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Cambridge musician considers selling Kurt Cobain note to help pay the rent

Juliana Hatfield shares her inner monologue about making ends meet through a note from Cobain.

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It says just that right in the headline of this article.

I don't know if this woman is a good musician or not, but fishing for publicity using Kurt Cobain's name is probably not the best way to go about drumming up publicity for yourself.

Oh, and if you "live in one of the most expensive cities in the United States: Cambridge, Massachusetts" and can't afford the rent, maybe its time for Malden.

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"I don't know if this woman is a good musician or not," but I have to open my ignorant mouth anyway.
People on the internet just gotta be jerks, I guess.

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She is trying to promote herself on the back of somebody else, all while playing the woe is me card.

I want to live in the seaport. I can't afford it. End of conversation. I don't run to the press and complain about it. Neither should she .

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How the hell do you know if she's trying to "promote herself" you judgemental asshole? Do you know her?

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You've never heard of her. She's from the Boston area and was in the Blake Babies, had some solo hits and has collaborated with Evan Dando. She is quite talented. And no, I don't know her, but I know of her and saw her perform many times in the 1990's in Boston

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Another rich kid from Newton who made a small impact in the late 80s. Hatfield's time has passed and if her music money has dried up and she has run out of items from her radiologist father's art collection to sell off, she may need to consider other career options.

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He is from Essex.

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Thought the exact same thing...shows how much these trash talkers really know about all of this.

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Yes, and also it was not the 1980's it was the 1990's they were still in high school (and so was I) in the 1980's!

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The Lemonheads formed in 1986, and that is when I first saw them. Indeed you were still in high school. Some of us weren't, and were in clubs in Boston seeing bands. If your first exposure to them was their 1992 major label debut you were way behind .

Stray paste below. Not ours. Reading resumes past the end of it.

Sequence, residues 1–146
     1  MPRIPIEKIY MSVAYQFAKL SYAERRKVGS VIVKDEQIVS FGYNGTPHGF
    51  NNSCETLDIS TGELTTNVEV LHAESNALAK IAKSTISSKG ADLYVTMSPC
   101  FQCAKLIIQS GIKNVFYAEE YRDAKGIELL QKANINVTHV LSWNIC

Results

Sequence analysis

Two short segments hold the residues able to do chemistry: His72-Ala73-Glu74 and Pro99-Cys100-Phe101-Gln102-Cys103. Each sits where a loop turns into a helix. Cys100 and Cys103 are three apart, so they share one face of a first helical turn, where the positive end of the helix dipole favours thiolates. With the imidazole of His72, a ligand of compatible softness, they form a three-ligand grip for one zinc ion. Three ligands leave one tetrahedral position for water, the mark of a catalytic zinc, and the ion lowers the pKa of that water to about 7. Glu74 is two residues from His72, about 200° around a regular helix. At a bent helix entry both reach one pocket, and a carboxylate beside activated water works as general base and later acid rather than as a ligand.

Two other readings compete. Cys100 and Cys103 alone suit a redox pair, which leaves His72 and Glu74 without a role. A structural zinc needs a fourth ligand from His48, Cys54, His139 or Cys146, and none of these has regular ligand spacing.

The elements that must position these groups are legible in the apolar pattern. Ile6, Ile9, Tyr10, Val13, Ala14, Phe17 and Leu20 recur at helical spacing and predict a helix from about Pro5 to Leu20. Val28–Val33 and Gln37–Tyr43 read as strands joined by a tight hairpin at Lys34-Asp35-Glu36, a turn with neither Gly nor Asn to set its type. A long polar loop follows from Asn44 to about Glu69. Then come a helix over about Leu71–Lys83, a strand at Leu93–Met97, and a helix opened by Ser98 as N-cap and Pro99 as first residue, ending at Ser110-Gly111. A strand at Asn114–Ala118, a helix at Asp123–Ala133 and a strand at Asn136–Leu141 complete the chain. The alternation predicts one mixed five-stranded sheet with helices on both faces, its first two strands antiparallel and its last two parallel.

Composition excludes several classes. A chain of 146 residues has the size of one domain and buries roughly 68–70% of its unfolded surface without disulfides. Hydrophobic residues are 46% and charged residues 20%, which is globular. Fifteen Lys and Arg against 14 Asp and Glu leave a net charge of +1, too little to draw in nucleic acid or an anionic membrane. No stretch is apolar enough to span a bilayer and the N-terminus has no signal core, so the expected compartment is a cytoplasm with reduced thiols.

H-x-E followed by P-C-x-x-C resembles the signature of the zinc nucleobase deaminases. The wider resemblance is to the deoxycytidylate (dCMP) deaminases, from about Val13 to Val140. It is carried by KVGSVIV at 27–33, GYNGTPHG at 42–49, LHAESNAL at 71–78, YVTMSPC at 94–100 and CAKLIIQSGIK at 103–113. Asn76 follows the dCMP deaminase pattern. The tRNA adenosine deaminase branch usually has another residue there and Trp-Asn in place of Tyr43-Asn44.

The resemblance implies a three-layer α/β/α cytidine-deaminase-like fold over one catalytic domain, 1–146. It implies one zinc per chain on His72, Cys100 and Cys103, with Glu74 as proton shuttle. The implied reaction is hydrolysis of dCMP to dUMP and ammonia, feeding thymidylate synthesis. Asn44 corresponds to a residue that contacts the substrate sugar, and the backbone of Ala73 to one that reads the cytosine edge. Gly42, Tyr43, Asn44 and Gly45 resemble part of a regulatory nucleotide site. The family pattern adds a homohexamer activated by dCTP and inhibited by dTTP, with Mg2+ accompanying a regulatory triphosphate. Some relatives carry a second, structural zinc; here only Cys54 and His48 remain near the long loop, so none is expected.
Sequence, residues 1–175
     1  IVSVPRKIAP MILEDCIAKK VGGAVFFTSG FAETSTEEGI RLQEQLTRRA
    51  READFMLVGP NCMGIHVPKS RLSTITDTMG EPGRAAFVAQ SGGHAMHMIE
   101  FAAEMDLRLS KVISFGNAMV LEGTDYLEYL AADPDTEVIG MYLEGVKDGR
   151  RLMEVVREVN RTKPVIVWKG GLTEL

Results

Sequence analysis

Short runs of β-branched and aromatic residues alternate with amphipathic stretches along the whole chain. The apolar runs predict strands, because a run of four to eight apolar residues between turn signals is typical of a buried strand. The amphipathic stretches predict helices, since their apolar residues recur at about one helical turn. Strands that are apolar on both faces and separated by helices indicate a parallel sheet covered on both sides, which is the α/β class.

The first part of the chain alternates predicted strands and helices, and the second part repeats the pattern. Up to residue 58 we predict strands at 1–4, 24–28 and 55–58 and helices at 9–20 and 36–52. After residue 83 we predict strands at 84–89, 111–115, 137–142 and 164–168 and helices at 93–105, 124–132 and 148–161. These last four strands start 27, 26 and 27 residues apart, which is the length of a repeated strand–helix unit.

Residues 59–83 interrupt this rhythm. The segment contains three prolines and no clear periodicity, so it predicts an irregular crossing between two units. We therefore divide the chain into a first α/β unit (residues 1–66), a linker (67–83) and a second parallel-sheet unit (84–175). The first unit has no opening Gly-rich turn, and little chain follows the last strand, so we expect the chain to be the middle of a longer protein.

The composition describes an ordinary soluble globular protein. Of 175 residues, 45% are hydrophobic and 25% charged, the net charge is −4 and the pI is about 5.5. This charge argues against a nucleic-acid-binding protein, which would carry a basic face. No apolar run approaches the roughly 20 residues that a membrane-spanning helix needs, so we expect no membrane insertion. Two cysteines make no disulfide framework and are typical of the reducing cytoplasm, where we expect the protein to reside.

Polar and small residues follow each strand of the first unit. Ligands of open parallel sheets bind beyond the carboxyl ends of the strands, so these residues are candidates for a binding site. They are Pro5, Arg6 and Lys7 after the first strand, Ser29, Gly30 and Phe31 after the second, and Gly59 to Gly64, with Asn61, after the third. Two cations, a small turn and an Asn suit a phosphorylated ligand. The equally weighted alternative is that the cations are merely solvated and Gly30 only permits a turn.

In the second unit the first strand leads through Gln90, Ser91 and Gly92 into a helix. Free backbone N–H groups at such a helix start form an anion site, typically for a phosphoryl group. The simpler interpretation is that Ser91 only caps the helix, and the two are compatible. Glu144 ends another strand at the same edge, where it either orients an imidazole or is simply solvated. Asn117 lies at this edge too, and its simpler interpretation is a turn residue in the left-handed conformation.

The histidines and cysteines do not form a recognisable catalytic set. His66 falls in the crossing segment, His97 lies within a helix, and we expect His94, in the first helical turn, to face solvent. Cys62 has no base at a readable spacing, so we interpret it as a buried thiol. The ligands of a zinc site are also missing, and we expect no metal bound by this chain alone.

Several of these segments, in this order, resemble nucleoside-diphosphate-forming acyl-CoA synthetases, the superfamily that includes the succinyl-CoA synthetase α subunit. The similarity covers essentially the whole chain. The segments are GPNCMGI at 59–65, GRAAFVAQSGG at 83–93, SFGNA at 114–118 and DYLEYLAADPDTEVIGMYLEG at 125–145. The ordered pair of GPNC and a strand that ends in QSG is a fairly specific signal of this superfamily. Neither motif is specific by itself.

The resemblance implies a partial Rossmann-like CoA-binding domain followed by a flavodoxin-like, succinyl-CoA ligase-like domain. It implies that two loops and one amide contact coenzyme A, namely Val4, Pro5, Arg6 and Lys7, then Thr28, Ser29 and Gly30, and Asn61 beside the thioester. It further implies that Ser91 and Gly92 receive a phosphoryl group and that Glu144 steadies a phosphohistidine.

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I didn't speak to the decade they formed in because I figured it was probably in the 80s, though the 90s had their biggest mainstream success. Car Button Cloth is one of my favorite albums of theirs, personally.

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I thought he worked at the Globe.

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Her mother- Julie Hatfield- was the Globe feature writer

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I have heard the name. Just don't recognize her music.

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...uh, getting a JOB?

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In 1986, my rent and utilities were $350 a month. I made $9 an hour at my co-op job.
In 2016, rent and utilities run to $1,000 a month, even in a shared apartment. My son makes $13 at his summer internship.

Do the math - living expenses have outstripped wage growth. This isn't limited to small-time musicians from wealthy backgrounds.

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Plenty of jobs out there that pay $50k or more right off the bat. Your choice - work for the man at a soul-sucking corporation like everyone else does and be able to pay your bills and have a good chunk of money left over, or keep whining about the lack of money while enjoying the warm fuzzy feeling of working for some albino transgender platypus-saving nonprofit.

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Otherwise you'd have imbibed the party line enough to realize that the albino platypus is too privileged to need saving by virtue of being too white.

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It's the TRANSGENDER albino platypus that's endangered.

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Why not a trans-species platypus? You know...like a duck that thinks it's a platypus. Those are even rarer, I would surmise.

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Care to show us some ads or links to people offering these $50K entry level jobs?

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Google it. Pretty much any IT, engineering or finance job will pay at least 50K right off the bat. The only problem is, you need a real degree from a real school, not a PhD in white guilt studies from Simmons.

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Those are not entry level jobs.

Also, take a look at the student loan debt that you run up getting that "real degree" from a "real school" to train for those jobs - unless you have wealthy parents, you will NOT have "gobs of money" on a $50K salary. You will be lucky to afford to live outside of your parents' house until you get some ground on the still high interest student loans. That wage qualifies you for "affordable" housing in Boston.